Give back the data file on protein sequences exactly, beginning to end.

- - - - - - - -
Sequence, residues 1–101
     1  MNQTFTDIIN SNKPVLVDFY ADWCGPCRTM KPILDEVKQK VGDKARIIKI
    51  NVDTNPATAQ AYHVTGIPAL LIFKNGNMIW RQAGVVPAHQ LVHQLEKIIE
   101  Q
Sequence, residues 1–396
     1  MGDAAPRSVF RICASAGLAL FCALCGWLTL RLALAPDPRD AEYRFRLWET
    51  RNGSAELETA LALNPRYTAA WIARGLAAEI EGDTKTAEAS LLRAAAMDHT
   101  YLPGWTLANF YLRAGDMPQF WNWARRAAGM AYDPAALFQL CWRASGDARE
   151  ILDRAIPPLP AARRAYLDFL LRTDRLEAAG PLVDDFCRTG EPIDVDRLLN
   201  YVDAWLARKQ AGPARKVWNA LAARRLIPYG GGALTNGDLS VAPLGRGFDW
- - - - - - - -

Sequence, residues 1–101
     1  MNQTFTDIIN SNKPVLVDFY ADWCGPCRTM KPILDEVKQK VGDKARIIKI
    51  NVDTNPATAQ AYHVTGIPAL LIFKNGNMIW RQAGVVPAHQ LVHQLEKIIE
   101  Q
Sequence, residues 1–396
     1  MGDAAPRSVF RICASAGLAL FCALCGWLTL RLALAPDPRD AEYRFRLWET
    51  RNGSAELETA LALNPRYTAA WIARGLAAEI EGDTKTAEAS LLRAAAMDHT
   101  YLPGWTLANF YLRAGDMPQF WNWARRAAGM AYDPAALFQL CWRASGDARE
   151  ILDRAIPPLP AARRAYLDFL LRTDRLEAAG PLVDDFCRTG EPIDVDRLLN
   201  YVDAWLARKQ AGPARKVWNA LAARRLIPYG GGALTNGDLS VAPLGRGFDW